Paramount reduces release slate

Studio to set target to 20 films per year

Paramount Pictures is adding another production prexy even as it winnows its target for its number of annual releases to 20 from 25.

Studio brass said the moves are an effort to make the company leaner and more efficient. Former DreamWorks exec Adam Goodman has been named Par production prexy, and will work alongside existing production prez Brad Weston in overseeing a staff that will manage the roughly 180 DreamWorks-developed projects Par has inherited, as well as some new projects.

Just three weeks ago, Par brass said they were holding steady with the number of projects they planned to release annually. Paramount execs said the latest decision has been in the works for months, but couldn’t be executed until the full financial impact of DreamWorks’ exit was understood.

Earlier this month, Paramount and DreamWorks ironed out a separation agreement that sees the majority of DreamWorks-developed projects and about 25 of DreamWorks 150-employee roster staying with the Melrose studio (Daily Variety, Oct. 6). Par said it will save $50 million a year in overhead now that DreamWorks is gone.

It’s probably no coincidence that Par’s efficiency drive comes at a time of mounting financial pressure on parent company Viacom, which last week was forced to lower its third-quarter earnings forecast given the broader turmoil in global markets. The hit to Viacom’s earnings is expected to stem largely from its advertising-dependent cablers, but Par’s move is further evidence that belt-tightening in the face of the economic downturn is the new mantra of the moment for Viacom units.

“Viacom CEO Philippe Dauman has laid out a very smart strategy that will put Viacom in great position to prosper in the current economic climate,” said Brad Grey, Paramount chairman and CEO, in a statement. “In line with that strategy, we at Paramount are taking steps to ensure our business and creative plans are sound and viable for the long term.”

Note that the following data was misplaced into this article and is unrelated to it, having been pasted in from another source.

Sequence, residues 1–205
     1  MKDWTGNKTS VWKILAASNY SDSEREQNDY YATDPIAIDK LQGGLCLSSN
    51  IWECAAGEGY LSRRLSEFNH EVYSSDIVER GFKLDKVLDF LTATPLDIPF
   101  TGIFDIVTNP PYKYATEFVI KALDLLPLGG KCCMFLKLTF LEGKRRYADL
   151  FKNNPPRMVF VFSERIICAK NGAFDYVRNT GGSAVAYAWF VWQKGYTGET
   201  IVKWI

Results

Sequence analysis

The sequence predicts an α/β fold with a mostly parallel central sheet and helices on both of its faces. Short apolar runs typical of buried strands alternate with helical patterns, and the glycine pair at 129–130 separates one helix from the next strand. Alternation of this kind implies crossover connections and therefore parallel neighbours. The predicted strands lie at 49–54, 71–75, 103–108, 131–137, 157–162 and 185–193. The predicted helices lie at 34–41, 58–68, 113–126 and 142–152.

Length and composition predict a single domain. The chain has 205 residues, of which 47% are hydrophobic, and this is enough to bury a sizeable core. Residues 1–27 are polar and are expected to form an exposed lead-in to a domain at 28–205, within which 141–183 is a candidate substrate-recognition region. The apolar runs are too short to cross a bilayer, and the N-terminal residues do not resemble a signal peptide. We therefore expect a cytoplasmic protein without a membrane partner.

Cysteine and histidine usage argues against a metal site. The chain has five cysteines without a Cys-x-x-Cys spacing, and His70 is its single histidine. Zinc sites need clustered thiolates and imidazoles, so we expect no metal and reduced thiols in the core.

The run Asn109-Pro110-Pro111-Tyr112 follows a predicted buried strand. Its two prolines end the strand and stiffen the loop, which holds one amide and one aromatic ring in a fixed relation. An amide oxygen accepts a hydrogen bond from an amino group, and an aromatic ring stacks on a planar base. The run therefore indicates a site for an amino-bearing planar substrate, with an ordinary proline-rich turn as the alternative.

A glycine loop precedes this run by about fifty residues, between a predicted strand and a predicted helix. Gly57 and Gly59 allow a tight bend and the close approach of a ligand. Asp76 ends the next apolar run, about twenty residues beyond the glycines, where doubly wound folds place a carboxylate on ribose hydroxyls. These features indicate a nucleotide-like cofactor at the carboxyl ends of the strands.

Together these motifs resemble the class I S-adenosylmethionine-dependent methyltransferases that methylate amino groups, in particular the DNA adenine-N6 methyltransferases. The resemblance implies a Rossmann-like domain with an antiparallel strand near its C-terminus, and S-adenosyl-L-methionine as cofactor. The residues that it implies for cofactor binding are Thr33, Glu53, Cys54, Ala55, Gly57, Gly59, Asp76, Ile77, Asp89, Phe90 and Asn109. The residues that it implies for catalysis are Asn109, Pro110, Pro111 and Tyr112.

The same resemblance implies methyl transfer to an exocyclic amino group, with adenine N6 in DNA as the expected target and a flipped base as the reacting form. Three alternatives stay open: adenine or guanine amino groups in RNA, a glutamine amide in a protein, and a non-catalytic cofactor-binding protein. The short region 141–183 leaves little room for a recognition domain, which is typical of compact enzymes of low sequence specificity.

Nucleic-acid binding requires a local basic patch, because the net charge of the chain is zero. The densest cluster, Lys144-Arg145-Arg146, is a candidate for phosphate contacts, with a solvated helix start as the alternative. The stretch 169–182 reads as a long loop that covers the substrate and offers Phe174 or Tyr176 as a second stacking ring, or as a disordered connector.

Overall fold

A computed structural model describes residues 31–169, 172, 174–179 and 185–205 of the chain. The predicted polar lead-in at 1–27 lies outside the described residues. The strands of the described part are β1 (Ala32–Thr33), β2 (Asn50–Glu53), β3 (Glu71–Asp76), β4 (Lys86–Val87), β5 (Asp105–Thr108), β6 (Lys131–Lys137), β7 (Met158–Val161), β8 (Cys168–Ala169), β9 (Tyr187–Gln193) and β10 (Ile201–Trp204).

The slimdown follows similar actions in recent years at Disney and Warner Bros., both of which appeased shareholders critical of the coin spent on major releases.

In the new production-prexy hierarchy, Goodman and Weston will work in tandem with their respective creative staffs on developing projects for Paramount as well as MTV Films and Nickelodeon Movies. Goodman, who had 18 months left on his contract when Par and DreamWorks split, will report dually to John Lesher, president of Paramount Film Group, on creative areas and to Rob Moore, vice chairman of Paramount, on business issues. Weston will continue to report solely to Lesher.

Paramount plans to release 12 homegrown pics, including MTV Films and Nickelodeon Movies, and up to four additional ones from its Paramount Vantage unit. Par will also continue to distribute two to four films a year produced by DreamWorks Animation and Marvel Studios.

Paramount has been working to streamline its efforts for some time. In June, the studio restructured the Vantage operation to fold the label’s marketing, distribution and physical production departments into the parent studio.

“We have established a slate volume that balances our financial goals with our creative objectives,” Grey said. “I am confident we can continue to meet our long-term financial targets and offer a strong and diverse slate of films.”

Viacom shares tumbled 9% to close at $18.62 on another volatile day of broad losses across Wall Street’s major indices. Conglom’s shares have plunged 59% from their 52-week high of $45.40.